David Cameron meets Sinn Féin to discuss NI political deadlock

Gerry Adams and Martin McGuinness say meeting with British prime minister ‘useful’

(Left - right) Sinn Féin president Gerry Adams, former MP Michelle Gildernew, vice president Mary Lou McDonald and Deputy First Minister  Martin McGuinness outside the Palace of Westminster in London on Tuesday. Photograph: Jonathan Brady/PA Wire.

(Left - right) Sinn Féin president Gerry Adams, former MP Michelle Gildernew, vice president Mary Lou McDonald and Deputy First Minister Martin McGuinness outside the Palace of Westminster in London on Tuesday. Photograph: Jonathan Brady/PA Wire.

 

Sinn Féin leaders Gerry Adams and Martin McGuinness have urged British prime minister David Cameron to provide Stormont with a “workable” budget in order to prevent the “imminent collapse” of the Assembly.

The Sinn Féin president and Deputy First Minister met Mr Cameron at Westminster on Tuesday evening to discuss the deadlock over welfare reform that is threatening the future of the Northern Executive and Assembly.

The meeting, which Sinn Fein only disclosed as taking place yesterday afternoon, lasted for over an hour with Mr McGuinness describing the talks as “useful”. TD Mary Lou McDonald and former MP Michelle Gildernew also attended.

“There were no signs however of any imminent end to the stalemate. I believe that David Cameron can be in no doubt about the seriousness of the crisis we are facing,” said Mr McGuinness after the meeting. “The political structures created by the Good Friday Agreement are at the point of imminent collapse due to the British government’s austerity agenda.”

‘Workable’ budget

Mr McGuinness said London must provide the Executive with a “workable” budget.

“The British government needs to accept the special circumstances of the North, as a society coming out of conflict, which lasted for almost 30 years,” he said. “If we are to deliver for citizens, consolidate and build on the peace, create a peace dividend, which is tangible in deprived communities which suffered most as a result of the conflict, then the Executive needs the tools and the resources to address these deep-seated issues.”

Ahead of the meeting the former DUP finance Minister Sammy Wilson said that the latest British welfare proposals “probably spells the end of the Northern Ireland Assembly”.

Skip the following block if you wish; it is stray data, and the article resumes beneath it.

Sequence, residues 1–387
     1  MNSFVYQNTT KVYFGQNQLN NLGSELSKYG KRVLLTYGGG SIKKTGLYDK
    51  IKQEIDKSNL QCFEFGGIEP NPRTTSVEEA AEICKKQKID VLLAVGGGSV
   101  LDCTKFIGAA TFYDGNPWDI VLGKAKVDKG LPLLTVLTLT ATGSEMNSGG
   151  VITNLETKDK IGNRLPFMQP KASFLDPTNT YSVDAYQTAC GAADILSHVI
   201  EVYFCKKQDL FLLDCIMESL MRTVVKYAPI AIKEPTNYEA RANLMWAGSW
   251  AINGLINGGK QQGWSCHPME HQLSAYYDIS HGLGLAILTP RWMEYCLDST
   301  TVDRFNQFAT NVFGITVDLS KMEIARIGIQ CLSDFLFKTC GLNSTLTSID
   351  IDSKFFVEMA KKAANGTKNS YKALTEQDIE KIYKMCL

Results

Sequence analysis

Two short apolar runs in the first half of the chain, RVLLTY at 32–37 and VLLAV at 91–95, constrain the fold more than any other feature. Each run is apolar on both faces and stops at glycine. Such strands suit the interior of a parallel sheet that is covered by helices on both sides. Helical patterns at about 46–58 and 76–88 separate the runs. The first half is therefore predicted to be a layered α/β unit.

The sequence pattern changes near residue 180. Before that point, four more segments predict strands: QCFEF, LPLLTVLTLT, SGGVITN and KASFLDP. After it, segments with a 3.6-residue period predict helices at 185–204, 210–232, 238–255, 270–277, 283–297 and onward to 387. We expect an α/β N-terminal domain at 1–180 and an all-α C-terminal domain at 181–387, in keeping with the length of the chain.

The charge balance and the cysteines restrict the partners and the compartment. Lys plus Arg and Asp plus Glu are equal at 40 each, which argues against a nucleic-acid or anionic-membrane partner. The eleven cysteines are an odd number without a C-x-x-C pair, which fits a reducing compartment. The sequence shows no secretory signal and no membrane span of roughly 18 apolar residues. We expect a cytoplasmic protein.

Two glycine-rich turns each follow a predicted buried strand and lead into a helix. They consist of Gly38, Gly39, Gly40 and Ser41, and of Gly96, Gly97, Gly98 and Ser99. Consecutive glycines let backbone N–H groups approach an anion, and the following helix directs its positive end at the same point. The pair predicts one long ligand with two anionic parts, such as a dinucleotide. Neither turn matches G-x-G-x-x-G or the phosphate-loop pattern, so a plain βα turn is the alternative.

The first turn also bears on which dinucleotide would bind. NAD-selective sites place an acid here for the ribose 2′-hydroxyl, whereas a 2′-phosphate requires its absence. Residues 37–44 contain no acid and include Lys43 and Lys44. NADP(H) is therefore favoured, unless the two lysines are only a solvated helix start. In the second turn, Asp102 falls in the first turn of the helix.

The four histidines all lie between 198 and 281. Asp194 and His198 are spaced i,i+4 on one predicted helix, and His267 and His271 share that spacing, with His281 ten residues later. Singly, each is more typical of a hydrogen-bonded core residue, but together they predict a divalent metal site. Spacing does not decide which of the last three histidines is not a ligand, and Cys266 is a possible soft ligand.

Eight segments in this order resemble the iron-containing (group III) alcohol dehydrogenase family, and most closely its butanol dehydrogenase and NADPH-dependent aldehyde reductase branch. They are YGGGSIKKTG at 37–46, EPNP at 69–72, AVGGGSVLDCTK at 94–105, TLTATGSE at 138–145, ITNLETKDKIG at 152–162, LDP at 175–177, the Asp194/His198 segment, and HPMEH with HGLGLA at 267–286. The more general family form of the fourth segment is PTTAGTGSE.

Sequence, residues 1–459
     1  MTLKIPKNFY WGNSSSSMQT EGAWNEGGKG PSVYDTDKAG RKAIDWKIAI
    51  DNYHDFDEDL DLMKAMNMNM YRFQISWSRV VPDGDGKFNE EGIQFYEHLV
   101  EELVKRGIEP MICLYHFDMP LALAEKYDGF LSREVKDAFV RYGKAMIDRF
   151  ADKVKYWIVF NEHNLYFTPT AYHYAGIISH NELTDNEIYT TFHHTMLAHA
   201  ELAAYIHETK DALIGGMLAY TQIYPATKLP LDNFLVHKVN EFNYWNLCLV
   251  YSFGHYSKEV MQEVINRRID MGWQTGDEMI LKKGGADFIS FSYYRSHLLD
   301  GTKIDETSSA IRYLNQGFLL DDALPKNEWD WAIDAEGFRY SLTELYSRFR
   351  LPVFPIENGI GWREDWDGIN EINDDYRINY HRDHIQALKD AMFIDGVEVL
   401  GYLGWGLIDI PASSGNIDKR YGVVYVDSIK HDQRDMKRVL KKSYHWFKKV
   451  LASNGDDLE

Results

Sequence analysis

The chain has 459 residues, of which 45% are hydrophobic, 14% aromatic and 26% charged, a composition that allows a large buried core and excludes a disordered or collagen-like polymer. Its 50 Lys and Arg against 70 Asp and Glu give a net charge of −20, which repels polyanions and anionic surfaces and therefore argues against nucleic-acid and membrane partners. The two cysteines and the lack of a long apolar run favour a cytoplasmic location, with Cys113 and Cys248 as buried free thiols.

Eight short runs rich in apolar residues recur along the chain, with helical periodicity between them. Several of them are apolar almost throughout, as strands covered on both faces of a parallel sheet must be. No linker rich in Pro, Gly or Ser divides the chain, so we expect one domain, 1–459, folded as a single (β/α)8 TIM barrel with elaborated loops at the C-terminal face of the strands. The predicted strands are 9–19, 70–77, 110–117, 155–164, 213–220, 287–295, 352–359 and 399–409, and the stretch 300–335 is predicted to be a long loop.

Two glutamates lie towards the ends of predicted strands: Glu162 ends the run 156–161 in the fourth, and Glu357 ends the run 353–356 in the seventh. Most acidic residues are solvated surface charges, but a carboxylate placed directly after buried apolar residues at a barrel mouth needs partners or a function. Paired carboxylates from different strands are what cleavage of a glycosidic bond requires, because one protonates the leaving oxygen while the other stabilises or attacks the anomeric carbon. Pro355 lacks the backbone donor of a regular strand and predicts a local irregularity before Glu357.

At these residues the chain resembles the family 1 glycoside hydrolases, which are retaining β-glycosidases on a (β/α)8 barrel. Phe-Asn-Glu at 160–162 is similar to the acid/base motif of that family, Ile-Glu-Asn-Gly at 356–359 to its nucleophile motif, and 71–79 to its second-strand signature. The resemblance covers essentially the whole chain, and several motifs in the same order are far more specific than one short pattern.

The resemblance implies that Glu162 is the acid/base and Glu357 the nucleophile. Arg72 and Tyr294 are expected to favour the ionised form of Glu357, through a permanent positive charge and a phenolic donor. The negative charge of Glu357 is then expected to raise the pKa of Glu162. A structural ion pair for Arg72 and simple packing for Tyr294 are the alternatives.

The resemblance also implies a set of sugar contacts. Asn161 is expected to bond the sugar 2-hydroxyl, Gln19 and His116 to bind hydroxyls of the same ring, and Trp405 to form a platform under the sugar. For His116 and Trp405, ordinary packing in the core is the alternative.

Sinn Féin has already set its face against previous welfare changes that would create a household benefits cap of £26,000. But in his latest proposals British chancellor of the exchequer George Osborne plans to bring down that cap to £20,000 for households outside London.

With Sinn Féin likely to be even more firmly opposed to these changes, Mr Wilson during debate of the British welfare reform and work bill in the House of Commons on Monday night expressed pessimism about the prospects of safeguarding the Assembly.

£600million shortfall

He was largely supported on Tuesday by the current DUP finance Minister Arlene Foster. In late June her so-called “fantasy” Stormont budget was passed notwithstanding that in the autumn it will face what she described as an “unsustainable” shortfall of £600 million.

Assembly members went ahead with that budget in the hope that before the crisis point was reached the impasse over Sinn Féin and the SDLP’s opposition to welfare reform could be resolved.

Ms Foster was also in pessimistic mood on Tuesday saying welfare reform “has to be dealt with one way or the other or the Assembly and Executive ceases to exist”.

If that did not happen, she added, then the British government should take over responsibility for welfare from the Northern Executive - a move that Sinn Féin also opposes.

“If the parties can’t agree, and there doesn’t seem to be any positive moves in that direction, then we would say very clearly that Westminster needs to step in and take the legislation and deal with it themselves,” added Ms Foster.